The race to fill the seat vacated by the retiring Republican Senator Pat Toomey continues to be one of the most-watched "toss-ups" that could determine which party will be the majority in the senior chamber come January. Most polls over the summer have shown Democrat John Fetterman with a solid lead over television personality Dr. Mehmet Oz, who is running under the GOP banner.
Fetterman recently returned to the campaign stump after recovering from a stroke on May 17 – just two days before his state's primaries. But several times during remarks in Pittsburgh last week (and in Erie on August 12), the lieutenant governor paused awkwardly – and in Pittsburgh, he refused to take questions after his five-minute speech.
AFN spoke with Diane Gramley, president of the American Family Association of Pennsylvania, about Fetterman's more recent speech.
"He was not coherent; he was not able to string together coherent sentences," she describes. "He just did not have the ability to keep his train of thought going – and it was not a good picture at all for those who may be considering voting for him because they have to be asking about his health, whether he's really up to the job of being a United States senator."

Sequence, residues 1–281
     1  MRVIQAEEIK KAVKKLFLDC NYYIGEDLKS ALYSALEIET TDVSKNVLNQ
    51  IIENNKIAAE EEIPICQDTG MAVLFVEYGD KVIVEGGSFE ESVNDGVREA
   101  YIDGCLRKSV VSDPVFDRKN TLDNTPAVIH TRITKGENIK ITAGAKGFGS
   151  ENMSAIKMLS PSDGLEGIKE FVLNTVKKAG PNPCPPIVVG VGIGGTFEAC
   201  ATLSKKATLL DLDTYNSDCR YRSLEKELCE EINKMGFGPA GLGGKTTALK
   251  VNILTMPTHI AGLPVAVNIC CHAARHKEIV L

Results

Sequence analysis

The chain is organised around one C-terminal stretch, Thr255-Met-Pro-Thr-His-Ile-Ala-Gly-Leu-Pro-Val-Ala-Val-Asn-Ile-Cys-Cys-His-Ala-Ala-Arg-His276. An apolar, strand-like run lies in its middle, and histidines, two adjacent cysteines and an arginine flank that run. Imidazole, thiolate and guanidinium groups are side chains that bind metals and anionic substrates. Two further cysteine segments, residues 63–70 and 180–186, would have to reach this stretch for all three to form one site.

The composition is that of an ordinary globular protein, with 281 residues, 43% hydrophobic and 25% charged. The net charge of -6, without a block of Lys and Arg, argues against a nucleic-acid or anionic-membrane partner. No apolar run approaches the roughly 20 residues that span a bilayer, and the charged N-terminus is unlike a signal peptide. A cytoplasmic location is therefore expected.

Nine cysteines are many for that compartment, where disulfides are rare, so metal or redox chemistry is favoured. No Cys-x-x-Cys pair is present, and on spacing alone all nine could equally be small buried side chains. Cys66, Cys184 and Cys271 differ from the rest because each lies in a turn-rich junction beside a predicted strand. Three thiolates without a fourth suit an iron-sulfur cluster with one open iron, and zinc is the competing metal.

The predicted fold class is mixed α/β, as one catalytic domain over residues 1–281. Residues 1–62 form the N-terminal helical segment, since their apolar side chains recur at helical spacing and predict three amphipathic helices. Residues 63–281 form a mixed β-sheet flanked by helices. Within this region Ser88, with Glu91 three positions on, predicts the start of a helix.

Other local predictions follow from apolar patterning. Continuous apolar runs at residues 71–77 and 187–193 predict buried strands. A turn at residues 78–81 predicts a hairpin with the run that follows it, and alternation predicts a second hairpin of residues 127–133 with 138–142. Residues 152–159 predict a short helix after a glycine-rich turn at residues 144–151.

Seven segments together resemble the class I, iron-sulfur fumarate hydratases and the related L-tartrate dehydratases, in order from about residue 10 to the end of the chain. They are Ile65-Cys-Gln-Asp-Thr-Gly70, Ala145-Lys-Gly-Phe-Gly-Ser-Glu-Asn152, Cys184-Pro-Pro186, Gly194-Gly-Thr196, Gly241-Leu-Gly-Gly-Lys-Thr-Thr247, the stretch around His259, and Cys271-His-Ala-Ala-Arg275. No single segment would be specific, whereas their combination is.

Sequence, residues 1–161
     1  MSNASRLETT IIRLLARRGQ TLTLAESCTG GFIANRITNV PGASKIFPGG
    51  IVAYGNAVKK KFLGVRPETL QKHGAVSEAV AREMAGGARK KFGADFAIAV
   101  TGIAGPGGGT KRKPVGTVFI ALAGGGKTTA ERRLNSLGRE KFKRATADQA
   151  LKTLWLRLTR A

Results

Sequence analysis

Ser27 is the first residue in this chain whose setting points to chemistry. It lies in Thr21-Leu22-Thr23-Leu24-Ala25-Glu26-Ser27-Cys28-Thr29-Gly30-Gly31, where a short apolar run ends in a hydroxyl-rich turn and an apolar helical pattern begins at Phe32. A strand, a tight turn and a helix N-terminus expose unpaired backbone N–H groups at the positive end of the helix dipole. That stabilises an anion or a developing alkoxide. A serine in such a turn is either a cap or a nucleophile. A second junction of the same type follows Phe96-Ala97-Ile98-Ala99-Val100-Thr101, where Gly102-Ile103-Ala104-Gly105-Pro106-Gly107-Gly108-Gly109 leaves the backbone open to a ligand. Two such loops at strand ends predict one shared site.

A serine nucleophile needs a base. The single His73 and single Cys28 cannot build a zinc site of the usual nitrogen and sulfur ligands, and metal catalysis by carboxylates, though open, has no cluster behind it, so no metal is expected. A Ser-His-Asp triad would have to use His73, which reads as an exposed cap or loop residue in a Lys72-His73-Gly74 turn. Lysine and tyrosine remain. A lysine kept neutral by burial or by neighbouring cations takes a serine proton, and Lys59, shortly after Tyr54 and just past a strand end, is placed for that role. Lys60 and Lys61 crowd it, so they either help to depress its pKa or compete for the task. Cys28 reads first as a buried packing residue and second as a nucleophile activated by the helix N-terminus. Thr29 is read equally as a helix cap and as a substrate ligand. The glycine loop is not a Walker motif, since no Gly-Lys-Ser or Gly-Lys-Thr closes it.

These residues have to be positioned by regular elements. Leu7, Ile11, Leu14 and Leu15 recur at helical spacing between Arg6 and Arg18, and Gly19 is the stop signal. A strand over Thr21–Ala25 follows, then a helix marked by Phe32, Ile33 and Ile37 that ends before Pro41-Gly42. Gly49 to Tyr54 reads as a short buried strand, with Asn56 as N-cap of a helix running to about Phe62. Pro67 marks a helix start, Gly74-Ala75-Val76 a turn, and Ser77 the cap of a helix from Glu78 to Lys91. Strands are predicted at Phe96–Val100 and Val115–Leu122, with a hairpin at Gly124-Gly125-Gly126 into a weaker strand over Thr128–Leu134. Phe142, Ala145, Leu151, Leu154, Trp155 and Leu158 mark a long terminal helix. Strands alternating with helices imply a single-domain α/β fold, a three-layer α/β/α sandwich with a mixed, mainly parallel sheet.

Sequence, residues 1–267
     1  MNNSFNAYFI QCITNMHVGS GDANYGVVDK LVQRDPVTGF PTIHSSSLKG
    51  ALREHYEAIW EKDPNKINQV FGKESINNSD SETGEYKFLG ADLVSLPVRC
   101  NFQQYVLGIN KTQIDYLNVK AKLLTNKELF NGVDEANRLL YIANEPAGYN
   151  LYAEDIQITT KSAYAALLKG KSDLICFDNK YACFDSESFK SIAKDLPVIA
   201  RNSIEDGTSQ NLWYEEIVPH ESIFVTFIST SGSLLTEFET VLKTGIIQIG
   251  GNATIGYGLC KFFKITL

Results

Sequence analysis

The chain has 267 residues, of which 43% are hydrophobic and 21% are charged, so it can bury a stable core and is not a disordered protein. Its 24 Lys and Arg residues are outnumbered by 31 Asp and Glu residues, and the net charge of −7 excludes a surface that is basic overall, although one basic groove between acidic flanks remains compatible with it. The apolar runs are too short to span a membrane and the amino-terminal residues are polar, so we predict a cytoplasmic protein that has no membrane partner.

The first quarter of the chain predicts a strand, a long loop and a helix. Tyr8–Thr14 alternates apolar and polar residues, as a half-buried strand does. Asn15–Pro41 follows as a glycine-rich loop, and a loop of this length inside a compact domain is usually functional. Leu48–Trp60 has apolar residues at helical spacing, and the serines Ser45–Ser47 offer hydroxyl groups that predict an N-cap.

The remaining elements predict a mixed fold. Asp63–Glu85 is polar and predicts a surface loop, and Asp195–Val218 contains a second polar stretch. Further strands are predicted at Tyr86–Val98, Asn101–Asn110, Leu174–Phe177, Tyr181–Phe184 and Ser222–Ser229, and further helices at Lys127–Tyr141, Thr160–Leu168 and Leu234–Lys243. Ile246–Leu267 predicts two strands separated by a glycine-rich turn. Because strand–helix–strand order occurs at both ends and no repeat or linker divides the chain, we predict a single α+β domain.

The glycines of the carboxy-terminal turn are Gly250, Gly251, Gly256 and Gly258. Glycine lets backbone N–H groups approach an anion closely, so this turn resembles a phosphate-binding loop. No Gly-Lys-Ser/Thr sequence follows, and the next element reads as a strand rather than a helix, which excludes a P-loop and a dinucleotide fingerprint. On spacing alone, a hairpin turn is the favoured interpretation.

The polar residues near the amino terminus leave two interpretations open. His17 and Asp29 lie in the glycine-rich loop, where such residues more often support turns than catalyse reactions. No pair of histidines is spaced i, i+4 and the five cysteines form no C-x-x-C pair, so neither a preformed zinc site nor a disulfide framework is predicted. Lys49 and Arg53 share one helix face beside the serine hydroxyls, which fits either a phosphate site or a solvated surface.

Recently polls have been tightening in his race against the GOP's Oz, who has been urging the Democrat to debate.
"I've seen the primary debates and he's not a good debater," Gramley shares. "Even before his stroke he was not a good debater. So, I would think he would be very hesitant to do any kind of debating after the stroke, especially with the way he's been on the campaign trail."
A spokesperson for Fetterman's campaign insists the candidate is up for debating Oz – but added "we're not going to do this on Oz's terms and timeline." The Oz campaign, in response, says if Fetterman is too sick to debate or concerned about being able to stand before cameras for more than ten minutes, "then he should just say so."
As CNN points out, the Democrat's campaign has been "tight-lipped" on details about his recovery; and that Fetterman has been "cautious" about speaking one-on-one with reporters since his stroke.